Washington: Generating power without interruption may become a lot easier as researchers have developed a new nanoparticle-based material that can absorb and convert to heat more than 90 percent of the sunlight it captures.
This new material can withstand temperatures of over 700 degrees Celsius and survive outdoors in spite of exposure to air and humidity indefinitely.
Current solar absorber materials function at lower temperatures and need to be overhauled almost every year for high temperature operations.
Most solar power plants are today shut down about once a year to chip off the degraded sunlight absorbing material and re-apply a new coating, which means no power generation while a replacement coating is applied.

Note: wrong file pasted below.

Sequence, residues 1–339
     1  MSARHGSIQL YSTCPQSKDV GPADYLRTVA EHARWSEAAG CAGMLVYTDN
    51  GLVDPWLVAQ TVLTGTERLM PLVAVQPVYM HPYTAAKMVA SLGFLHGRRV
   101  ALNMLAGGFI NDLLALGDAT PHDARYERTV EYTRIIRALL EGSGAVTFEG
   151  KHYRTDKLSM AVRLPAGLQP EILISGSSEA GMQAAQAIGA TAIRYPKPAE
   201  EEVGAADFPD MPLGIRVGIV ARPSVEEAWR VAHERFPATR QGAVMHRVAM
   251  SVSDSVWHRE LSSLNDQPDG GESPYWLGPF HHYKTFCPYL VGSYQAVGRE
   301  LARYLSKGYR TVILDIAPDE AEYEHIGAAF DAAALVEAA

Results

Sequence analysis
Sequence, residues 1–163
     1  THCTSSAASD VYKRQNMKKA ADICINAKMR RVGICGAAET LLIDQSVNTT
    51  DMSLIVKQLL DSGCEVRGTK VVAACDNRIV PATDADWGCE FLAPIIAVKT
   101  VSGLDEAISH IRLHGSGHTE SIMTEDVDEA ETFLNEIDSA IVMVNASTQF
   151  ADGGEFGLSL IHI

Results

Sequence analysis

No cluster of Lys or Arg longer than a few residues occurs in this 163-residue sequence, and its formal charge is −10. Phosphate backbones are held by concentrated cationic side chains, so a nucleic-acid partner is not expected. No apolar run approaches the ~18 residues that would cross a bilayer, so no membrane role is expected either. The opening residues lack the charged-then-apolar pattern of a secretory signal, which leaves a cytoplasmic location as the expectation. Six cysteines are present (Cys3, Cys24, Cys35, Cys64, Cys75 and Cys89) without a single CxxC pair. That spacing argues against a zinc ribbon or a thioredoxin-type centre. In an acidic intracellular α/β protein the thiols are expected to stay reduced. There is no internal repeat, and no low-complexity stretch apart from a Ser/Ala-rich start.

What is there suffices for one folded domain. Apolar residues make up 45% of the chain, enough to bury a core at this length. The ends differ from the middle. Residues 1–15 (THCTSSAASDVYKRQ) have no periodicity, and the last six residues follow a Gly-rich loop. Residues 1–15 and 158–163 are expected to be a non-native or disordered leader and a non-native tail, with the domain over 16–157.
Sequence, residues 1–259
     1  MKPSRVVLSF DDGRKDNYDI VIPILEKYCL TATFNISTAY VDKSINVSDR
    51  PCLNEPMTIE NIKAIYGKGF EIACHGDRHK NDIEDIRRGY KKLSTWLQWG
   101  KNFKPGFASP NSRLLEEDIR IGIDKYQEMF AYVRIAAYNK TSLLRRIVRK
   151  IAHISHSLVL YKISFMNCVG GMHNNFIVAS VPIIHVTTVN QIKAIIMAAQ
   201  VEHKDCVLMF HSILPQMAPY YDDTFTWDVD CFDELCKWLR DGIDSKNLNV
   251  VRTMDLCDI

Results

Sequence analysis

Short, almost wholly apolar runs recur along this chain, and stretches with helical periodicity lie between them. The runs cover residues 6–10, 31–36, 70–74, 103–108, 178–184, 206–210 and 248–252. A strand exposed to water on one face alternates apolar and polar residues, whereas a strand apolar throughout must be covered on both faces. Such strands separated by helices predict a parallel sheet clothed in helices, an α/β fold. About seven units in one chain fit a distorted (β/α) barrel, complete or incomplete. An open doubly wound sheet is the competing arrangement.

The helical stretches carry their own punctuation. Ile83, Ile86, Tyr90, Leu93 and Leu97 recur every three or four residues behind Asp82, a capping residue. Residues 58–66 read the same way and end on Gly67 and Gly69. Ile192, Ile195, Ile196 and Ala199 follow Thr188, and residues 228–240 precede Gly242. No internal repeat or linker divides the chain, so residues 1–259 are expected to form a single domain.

"We wanted to create a material that absorbs sunlight but does not let any of it escape. We want the black hole of sunlight," said Sungho Jin, professor at the University of California - San Diego in the US.
The new material has a multi-scale surface created by using particles of many sizes ranging from 10 nanometres to 10 micrometres.
Multi-scale structures can trap and absorb light, which contributes to the material's high efficiency when operated at higher temperatures.
The material can maximise sunlight absorption and minimise the loss of light that would emit from the surface in the form of infrared radiation.
The study appeared in the journal Nano Energy.